Whether he’d played a major role in that history, or would still, was just one of the fascinations the younger children speculated on. The curious, old-man before them was no mystery to the older children. They knew the truth of course, but the others were too young to learn it. They had to be protected from grisly realities to ensure they didn’t become cold humans that made them.

The old man’s eyes pulled tight. His mouth drew a smile, “You wish to hear a story, no?”

A curious, Nordic accent mingled with his French. The children’s heads nodded, as they chorused “Oui” in a collective sing-song. He chuckled to himself.

“I know only one,” he said firmly to quiet them down. “But I shall tell it as though I lived it.”

He made small gestures with his hands and the bright LEDs overhead dimmed until only one remained above, at half-power.

“It begins with a princess in a tower, toiling away at tedious work,” he said. The children readied themselves in anticipation. “The most beautiful princess in the tower worked day after day, slaving for masters in fine silks. These masters were wealthy beyond any in the land, past or present. Yet despite all their wealth, they enslaved everyone in the land to do their bidding, increasing it each day, each moment; the princess included.

“Allowed as she was to return home each night, the Princess was forced to return each day, toiling as before, lest her masters grow angry and imprison her.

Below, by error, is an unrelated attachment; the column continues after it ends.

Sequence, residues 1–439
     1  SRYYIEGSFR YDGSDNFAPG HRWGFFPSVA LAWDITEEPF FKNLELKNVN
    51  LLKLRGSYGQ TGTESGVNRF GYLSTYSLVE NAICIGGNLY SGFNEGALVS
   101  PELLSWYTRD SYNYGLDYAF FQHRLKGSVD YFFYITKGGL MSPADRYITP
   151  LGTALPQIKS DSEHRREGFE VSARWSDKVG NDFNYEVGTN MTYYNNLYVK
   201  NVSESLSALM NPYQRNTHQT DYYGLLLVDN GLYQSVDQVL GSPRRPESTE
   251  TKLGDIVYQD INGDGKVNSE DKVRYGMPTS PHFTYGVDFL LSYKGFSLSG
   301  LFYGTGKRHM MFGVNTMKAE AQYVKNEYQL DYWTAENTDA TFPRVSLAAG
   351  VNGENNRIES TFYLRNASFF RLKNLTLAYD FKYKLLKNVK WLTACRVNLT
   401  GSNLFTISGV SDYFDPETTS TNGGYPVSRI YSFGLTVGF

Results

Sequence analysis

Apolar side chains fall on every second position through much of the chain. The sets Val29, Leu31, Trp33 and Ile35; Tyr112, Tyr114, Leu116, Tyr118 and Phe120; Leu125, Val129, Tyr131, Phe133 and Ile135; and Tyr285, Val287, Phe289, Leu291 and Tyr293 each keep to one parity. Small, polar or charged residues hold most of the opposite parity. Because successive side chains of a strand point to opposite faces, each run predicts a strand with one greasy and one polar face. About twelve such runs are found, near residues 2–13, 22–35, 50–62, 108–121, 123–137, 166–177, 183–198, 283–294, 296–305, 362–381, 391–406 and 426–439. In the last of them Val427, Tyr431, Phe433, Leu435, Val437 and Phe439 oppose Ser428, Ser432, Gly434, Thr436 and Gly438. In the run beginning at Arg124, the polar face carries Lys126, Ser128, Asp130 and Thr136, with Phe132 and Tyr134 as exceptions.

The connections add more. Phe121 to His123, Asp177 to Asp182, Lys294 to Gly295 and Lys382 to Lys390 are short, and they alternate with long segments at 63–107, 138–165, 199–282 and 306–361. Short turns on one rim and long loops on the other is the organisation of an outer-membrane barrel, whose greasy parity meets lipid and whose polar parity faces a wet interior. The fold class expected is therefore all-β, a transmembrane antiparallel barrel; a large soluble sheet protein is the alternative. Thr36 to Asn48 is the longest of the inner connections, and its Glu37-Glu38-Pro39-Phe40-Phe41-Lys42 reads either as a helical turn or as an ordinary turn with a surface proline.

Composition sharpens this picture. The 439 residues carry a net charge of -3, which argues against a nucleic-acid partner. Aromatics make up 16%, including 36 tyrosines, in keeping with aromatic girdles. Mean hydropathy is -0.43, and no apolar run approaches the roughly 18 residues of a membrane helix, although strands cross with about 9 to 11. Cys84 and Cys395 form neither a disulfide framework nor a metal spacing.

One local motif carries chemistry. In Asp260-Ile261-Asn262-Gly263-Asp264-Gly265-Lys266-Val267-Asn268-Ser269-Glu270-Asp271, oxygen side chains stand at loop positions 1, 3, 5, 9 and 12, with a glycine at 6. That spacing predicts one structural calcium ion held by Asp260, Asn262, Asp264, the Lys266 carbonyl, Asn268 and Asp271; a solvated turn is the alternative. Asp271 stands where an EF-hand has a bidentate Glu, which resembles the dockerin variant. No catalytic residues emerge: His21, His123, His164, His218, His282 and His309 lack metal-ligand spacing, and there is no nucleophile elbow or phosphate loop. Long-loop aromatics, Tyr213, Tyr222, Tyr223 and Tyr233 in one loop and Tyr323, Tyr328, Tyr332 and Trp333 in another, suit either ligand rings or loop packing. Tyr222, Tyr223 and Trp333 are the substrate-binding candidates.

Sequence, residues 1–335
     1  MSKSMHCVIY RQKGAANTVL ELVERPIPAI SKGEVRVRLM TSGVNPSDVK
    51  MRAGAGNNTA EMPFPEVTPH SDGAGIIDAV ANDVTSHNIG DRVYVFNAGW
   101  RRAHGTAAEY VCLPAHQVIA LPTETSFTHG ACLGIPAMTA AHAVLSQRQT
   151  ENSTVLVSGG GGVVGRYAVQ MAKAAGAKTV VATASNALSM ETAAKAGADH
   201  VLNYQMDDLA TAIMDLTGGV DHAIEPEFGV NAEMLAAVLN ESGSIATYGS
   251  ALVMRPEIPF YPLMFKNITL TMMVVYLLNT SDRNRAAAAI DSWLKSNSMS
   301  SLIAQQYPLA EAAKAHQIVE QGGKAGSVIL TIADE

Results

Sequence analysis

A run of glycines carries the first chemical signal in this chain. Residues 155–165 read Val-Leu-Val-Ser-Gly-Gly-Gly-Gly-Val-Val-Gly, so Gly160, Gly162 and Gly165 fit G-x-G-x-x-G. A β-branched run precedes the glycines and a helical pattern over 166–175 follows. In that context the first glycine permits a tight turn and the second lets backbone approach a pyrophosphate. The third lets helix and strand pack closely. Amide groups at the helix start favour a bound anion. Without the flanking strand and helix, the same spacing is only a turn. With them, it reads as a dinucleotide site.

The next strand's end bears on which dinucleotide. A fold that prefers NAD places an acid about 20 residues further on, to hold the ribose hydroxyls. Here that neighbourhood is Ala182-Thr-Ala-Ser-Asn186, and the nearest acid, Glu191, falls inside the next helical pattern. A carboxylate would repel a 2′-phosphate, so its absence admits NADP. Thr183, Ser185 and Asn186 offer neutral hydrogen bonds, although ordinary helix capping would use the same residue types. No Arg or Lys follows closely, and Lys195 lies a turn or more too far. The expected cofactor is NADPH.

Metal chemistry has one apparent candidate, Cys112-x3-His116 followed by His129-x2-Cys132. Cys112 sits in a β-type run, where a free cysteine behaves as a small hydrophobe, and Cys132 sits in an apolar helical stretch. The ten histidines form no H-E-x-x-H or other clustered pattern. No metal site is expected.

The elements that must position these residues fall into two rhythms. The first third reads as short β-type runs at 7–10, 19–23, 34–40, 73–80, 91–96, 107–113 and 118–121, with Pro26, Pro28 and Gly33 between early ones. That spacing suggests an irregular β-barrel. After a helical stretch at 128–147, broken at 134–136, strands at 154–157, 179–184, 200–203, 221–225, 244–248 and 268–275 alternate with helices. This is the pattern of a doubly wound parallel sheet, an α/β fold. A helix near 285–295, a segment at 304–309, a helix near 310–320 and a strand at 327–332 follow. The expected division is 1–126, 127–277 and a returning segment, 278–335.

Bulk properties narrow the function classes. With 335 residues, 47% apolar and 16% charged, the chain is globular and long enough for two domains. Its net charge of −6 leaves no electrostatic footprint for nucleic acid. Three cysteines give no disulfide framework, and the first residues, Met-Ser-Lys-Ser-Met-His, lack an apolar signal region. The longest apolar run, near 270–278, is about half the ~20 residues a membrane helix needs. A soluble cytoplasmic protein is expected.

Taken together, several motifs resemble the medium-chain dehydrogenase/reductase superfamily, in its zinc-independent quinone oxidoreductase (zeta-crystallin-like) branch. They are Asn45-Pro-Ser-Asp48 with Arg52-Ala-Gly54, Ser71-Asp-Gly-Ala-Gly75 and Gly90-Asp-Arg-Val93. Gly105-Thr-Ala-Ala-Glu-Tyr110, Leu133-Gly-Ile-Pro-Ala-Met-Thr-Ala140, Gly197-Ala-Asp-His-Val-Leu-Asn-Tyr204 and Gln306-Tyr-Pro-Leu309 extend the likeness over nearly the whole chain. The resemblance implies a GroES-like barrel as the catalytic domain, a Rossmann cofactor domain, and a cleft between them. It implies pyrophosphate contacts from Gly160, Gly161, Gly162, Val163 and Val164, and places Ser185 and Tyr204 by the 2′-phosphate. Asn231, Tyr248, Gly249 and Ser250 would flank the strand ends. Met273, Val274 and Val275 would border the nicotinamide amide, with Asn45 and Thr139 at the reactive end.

“So night after night, the Princess returned home, unaware of her masters’ wicked plans for her and others like her. She was a beautiful tool, they said, to be used for evils when needed, and discarded like after. She and all others like her were regarded this way; some were so wholly faithful to their masters, they felt the same. Thus day after day they toiled, enslaved, only to believe themselves safe from the treatment during the night.

“Then one night, the Princess’ wicked masters cast a veil of confusion about her mind. In her state, she knew not who she was, and her masters took advantage of this. They sent her out to do evil only to have her return the next morning, none the wiser of her actions. So powerful was the confusion, they were able to continue the madness months before she could begin to suspect it.

“But before then, her masters had found her capacity for evil was beyond any other’s. For, in truth she was a Princess, and princesses have their own power. With her, they brought destruction to many of their enemies. Through them, the Princess stole, deceived, even murdered under her wicked masters’ veil of confusion. Yet each morning she awoke, utterly unawares of her wickedness.”

The old man’s face sank into sadness, his voice with it. It seemed as if a thousand, terrible memories befell him all at once. Even to their young hearts, it was a cutting pain to see someone of such renown feeling such dread.